Why Projects Need Concise Writing
Reading time: 3 minute(s) - 600 words
Projects need documents. Big projects result in a lot of management documents and there are reasons for that. It means those documents need to be well written. Something that is easy to overlook.
I sat down to write a novel. This was not the first time I’d tried to write one. I wrote three chapters at a good pace. So I started planning the fourth. Then, I realised what I’d written wasn’t a novel.
I sat down to write a new novel. I crashed out 18,000 words in short order. One evening, I decided to read through what I had.
It wasn’t a novel.
I could give you more examples, but you get the picture. Some of us aren’t meant to write novels. It takes a certain writing style. And you either have it, or you don’t.
Most people can tell a story. That’s not the same process as writing a novel. I once wrote and published a short story on the web. Many who read it thought it was a true story.
Either my writing style is so compelling I convinced the readers they were reading something true. Or…
I write in a way that is factual, not suited for spinning a yarn.
Here’s the thing: I completed a diploma in freelance and feature writing with the London School of Journalism. It had a profound effect on me. Or on my writing, to be accurate.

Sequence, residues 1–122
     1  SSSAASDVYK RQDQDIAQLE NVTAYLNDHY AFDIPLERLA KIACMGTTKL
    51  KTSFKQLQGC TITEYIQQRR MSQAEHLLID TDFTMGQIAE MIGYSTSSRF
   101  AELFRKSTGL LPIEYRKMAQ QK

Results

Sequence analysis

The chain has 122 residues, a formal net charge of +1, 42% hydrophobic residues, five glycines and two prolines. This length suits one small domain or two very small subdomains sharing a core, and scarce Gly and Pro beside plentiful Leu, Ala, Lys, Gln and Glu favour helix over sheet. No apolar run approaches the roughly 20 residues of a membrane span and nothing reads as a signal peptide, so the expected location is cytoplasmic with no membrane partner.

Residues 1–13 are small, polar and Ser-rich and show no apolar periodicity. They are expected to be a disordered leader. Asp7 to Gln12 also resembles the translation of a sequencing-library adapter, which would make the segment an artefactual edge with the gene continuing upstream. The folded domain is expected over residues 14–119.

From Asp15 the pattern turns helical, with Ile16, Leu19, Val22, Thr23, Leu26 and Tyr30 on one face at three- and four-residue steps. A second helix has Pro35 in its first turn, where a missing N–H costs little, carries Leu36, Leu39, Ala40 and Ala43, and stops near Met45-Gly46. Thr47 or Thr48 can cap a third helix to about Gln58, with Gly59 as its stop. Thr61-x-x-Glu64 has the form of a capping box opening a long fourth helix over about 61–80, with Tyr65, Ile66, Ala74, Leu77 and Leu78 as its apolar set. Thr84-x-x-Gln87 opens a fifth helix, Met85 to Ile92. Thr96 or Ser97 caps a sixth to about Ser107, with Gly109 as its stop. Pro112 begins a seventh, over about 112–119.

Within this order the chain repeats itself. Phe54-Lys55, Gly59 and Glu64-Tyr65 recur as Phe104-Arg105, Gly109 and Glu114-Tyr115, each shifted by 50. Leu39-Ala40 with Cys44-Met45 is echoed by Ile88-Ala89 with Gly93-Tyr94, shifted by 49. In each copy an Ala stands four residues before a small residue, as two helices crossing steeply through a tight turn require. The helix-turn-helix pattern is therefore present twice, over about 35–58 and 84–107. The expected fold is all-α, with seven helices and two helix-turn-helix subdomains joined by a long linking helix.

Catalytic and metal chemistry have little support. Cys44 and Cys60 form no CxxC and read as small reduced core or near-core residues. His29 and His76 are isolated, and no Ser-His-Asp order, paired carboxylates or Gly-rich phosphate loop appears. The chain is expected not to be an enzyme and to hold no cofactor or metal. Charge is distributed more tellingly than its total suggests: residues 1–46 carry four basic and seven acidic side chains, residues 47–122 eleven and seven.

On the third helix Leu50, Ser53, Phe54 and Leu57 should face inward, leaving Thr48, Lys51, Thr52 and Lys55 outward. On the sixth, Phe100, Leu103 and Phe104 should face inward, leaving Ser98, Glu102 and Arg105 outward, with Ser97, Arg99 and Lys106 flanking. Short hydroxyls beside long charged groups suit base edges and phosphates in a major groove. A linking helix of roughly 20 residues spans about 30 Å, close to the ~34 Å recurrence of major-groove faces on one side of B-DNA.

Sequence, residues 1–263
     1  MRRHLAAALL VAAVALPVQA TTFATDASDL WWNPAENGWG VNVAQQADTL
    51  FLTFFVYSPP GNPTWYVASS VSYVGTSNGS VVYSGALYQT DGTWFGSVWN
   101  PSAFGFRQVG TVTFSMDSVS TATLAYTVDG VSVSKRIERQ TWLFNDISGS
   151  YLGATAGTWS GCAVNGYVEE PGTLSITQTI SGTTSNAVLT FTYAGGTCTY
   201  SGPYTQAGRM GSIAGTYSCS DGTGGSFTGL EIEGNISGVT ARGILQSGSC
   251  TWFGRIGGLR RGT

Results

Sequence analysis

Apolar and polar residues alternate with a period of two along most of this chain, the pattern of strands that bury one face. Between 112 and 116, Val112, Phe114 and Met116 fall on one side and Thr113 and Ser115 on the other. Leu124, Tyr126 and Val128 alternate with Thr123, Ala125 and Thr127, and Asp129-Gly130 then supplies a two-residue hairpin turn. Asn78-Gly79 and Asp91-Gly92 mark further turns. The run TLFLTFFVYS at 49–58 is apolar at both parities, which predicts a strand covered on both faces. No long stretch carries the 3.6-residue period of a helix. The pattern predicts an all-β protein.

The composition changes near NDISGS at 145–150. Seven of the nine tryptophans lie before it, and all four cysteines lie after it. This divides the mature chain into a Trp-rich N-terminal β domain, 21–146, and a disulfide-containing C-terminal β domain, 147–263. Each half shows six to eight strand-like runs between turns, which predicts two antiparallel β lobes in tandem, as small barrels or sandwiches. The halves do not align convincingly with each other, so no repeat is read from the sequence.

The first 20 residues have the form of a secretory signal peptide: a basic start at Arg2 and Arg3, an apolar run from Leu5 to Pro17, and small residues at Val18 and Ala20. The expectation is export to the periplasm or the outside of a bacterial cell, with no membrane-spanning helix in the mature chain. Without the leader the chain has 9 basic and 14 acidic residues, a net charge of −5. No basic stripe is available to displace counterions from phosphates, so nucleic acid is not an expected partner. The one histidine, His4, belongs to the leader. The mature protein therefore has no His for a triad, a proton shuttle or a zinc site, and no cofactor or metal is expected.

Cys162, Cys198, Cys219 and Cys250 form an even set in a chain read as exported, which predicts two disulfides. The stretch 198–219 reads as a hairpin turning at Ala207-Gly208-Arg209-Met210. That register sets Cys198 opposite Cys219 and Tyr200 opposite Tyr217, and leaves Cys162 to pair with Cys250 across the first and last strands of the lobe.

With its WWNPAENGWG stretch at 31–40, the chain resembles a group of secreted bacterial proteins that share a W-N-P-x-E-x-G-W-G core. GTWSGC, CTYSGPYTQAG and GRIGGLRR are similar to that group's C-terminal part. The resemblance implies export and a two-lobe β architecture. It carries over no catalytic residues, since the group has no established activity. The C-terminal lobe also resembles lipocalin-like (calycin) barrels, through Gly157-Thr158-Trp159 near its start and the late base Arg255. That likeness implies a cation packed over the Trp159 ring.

I’ve discovered that I don’t like verbose, lyrical writing. I’d rather say it and move on.
You can write a novel in a journalistic style. Hemingway managed it well. So I haven’t scrapped the idea of writing a novel — yet. I need to approach it in a different way. That’s what I’ve learned.
Back to projects…
But what’s any of this got to do with writing project documents?
We all have a writing style. You may not realise you do. You may not care. But since writing is communication, (yes, even a text message or email) you don’t want to be misunderstood, right?
When producing project documentation ( the project plan, the business case , etc.) the documents need clarity. But they don’t need to be so formal that they make your eyes glaze over.
I’d argue that’s true for all business documentation. And it’s definitely true for software documentation.
You are not writing the next big blockbusting novel. But you are writing something that will be read by others. And it’s stuff that is key to the success of the project.
That makes it worth spending some time getting right.
Here’s a couple of things to consider.
Many years ago my dad taught me the ABC of writing.
It stuck with me since then.
Make it accurate, keep it short and to the point. And make the message(s) clear.
Business writing and ergo, project documentation, benefits from this approach. Nobody wants ambiguity in a project brief.
Nobody wants to plough through reams of wordiness, either. In project documentation you need to make the point. But then? Get the hell out of there. Keep it simple.
Read it out loud
Another trick is to make sure you read out what you’ve written. You’ll spot the clunky bits straight away.
A final thought…
Jargon, big words and verboseness makes writing hard to read. Why would you want your writing to be hard to read?
Nobody sets out to write unreadable stuff. But it can and does happen. Project documents need clarity. It’s that simple.